Posted On 2014/12/18 By In China Inbound, News, Environment, Research With 1252 Views

Tourist Inflow closely affected by China’s Air Quality

Chinese researchers said on Sunday they have measured the effects of air quality on inbound tourists, calling for more attention to air pollution treatment.

The researchers looked at the proportion of days each year with air quality that meets the official standard. For each one-percent drop in good air days, the number of inbound tourists fell by about 443,550 people, according to the 2014 China Tourism Development Report released by the Wuhan Chapter of the China Tourism Academy.

Researcher Hu Jing, chief of the Wuhan Chapter, said that air quality had become a pivotal factor in people’s travel decisions.

According to the report, more than 80 percent of respondents said they would avoid tourism destinations prone to smog. Meanwhile, more than 70 percent of respondents said they would schedule their travel based on air quality index.

The report also indicated that air quality influences visitors’ traveling experiences, with more than ninety percent saying smog ruins the sights and their mood.

China began to include PM2.5, a key indicator of air pollution, and ozone in its new air quality standard in 2013.

Statistics from the Ministry of Environmental Protection showed that the proportion of days with up-to-standard air quality in 74 cities during the first half of the year was 60.3 percent, slightly up compared to 58.7 percent during the same period last year.

At the same time China’s heavy air pollution motivates Chinese to travel abroad for a little escape.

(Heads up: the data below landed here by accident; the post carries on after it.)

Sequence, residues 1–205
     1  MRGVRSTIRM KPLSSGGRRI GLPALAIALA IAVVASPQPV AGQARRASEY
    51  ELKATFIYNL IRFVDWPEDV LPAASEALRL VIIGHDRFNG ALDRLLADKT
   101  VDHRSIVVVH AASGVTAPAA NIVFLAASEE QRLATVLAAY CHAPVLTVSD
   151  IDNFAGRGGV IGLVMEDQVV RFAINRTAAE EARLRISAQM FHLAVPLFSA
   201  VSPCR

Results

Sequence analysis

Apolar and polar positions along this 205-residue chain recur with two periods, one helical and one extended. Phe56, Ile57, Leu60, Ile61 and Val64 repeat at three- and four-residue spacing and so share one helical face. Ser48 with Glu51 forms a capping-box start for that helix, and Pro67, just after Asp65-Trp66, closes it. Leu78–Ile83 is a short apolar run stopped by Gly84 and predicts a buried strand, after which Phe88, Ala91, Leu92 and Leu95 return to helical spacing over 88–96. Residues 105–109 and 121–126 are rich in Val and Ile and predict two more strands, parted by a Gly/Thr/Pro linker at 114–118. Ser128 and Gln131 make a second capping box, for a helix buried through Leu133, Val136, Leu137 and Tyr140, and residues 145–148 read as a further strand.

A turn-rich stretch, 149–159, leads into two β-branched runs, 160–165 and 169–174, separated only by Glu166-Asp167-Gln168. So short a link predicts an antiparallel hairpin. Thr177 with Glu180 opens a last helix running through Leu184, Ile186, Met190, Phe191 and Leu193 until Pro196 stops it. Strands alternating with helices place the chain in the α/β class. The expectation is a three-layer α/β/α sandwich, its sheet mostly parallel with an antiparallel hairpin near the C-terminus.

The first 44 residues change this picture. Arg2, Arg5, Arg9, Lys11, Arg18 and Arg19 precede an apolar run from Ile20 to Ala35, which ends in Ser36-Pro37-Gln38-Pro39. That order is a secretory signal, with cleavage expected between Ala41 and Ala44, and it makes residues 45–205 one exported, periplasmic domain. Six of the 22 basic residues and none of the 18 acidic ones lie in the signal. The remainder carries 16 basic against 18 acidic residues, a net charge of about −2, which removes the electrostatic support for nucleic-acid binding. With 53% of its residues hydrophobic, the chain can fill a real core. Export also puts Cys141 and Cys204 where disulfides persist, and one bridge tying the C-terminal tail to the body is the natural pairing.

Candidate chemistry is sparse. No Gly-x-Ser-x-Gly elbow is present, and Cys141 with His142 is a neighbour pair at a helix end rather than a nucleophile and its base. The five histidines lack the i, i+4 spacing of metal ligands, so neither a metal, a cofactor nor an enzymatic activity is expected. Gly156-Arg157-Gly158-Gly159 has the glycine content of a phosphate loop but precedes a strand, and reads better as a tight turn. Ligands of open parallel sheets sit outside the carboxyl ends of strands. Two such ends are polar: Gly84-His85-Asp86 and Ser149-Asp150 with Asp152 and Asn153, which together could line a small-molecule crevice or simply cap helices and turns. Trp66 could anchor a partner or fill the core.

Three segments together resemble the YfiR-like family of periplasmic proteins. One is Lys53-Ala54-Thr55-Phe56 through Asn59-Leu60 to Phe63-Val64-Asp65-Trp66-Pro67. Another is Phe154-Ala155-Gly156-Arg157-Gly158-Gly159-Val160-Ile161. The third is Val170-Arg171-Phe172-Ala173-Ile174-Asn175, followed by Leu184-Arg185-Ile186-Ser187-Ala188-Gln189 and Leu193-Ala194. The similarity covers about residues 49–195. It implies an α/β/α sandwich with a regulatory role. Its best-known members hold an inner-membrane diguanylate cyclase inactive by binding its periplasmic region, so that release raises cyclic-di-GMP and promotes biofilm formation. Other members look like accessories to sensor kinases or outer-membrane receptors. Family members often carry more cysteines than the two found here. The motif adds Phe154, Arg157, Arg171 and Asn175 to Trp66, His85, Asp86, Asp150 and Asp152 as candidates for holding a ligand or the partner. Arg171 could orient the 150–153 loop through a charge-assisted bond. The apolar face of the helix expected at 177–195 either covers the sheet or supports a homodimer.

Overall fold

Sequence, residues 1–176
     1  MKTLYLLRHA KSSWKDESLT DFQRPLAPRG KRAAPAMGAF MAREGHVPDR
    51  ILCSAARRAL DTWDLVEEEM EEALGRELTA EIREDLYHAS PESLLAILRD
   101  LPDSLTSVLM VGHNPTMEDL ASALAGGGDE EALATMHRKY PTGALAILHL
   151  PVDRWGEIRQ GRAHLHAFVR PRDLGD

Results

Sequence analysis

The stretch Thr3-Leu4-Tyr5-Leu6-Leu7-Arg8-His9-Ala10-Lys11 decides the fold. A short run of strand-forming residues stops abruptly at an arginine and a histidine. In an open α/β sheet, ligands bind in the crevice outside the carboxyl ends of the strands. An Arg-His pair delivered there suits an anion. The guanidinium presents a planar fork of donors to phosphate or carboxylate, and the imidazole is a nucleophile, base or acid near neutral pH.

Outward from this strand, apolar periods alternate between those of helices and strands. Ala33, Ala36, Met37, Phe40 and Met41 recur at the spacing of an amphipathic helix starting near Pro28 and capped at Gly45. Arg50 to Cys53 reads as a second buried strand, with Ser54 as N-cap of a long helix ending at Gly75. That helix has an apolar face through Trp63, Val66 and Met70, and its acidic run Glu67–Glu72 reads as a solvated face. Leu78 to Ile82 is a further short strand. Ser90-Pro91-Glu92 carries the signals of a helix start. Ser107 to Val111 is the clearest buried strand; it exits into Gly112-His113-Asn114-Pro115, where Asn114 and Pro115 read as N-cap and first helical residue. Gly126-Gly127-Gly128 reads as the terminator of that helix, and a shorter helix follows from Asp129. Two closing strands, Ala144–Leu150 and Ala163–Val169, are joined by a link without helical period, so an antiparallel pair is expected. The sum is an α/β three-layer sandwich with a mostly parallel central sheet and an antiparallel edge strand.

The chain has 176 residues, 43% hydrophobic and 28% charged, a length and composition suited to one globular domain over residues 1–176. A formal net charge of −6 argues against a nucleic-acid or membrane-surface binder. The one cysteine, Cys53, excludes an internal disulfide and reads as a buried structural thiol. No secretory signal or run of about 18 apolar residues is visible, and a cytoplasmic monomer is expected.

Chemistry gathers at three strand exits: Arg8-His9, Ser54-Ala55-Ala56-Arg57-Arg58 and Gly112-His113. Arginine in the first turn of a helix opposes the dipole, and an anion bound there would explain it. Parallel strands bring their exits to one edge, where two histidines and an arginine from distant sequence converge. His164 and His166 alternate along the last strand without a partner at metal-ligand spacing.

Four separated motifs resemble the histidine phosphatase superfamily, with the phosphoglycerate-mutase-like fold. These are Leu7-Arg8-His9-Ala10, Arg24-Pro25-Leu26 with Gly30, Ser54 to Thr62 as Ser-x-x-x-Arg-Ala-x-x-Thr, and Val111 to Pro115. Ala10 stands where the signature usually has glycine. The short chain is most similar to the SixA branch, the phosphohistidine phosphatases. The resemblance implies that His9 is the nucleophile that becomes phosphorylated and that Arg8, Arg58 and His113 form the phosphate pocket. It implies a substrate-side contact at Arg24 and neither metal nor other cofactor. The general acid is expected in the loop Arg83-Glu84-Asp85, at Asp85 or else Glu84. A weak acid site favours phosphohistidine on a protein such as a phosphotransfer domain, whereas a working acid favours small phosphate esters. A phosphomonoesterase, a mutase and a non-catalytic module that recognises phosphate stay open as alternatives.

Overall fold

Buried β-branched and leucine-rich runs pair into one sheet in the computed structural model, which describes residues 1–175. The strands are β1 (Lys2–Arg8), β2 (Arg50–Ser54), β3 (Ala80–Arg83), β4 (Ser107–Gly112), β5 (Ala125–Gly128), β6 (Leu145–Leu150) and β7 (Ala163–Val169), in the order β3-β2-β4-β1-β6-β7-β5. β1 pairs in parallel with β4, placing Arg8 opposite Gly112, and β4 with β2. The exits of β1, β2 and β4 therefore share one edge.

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Sources:

Article: Shanghai Daily / Image: VP Polywoda


Further Reading:

Chinese researchers said on Sunday they have measured the effects of air quality on inbound tourists, calling for more attention to air pollution treatment. The researchers looked at the proportion of days each year with air quality that meets the official standard. For each one-percent drop in good air days, the number of inbound tourists fell by about 443,550 people, according to the 2014 China Tourism Development Report released by the Wuhan Chapter of the China Tourism Academy. Researcher Hu Jing, chief of the Wuhan Chapter, said that air quality had become a pivotal factor in people's travel decisions. According to the report, more than 80 percent of respondents said they would avoid tourism destinations prone to smog. Meanwhile, more than 70 percent of respondents said they would schedule their travel based on air quality index. The report also indicated that air quality influences visitors' traveling experiences, with more than ninety percent saying smog ruins the sights and their mood. China began to include PM2.5, a key indicator of air pollution, and ozone in its new air quality standard in 2013. Statistics from the Ministry of Environmental Protection showed that the proportion of days with up-to-standard air quality in 74 cities during the first half of the year was 60.3 percent, slightly up compared to 58.7 percent during the same period last year. At the same time China's heavy air pollution motivates Chinese to travel abroad for a little escape. Learn more in our Global Ready China Seminars Sources: Article: Shanghai Daily / Image: VP Polywoda Further Reading: China’s Notorious Smog Turns Away Tourists in Droves @ ChinaTopix (2014-12-14) Number Of Chinese Tourists Travelling Abroad To Escape Air Pollution Rises @ Global Ready China News (2014-12-16)

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About

Stefan

Stefan (from Austria, Europe) has been living, studying and working in China since 2010. Stefan has worked on several research, publication and consulting projects focusing on the China Travel Market. He holds three Masters degrees and is an expert on China Outbound Tourism, Marketing and Social Media in China. Stefan works with BMG on the Global Ready China Seminars as well as the Global Ready China News and related projects. He also has teaching engagements in the areas of eMarketing and Tourism Strategy.

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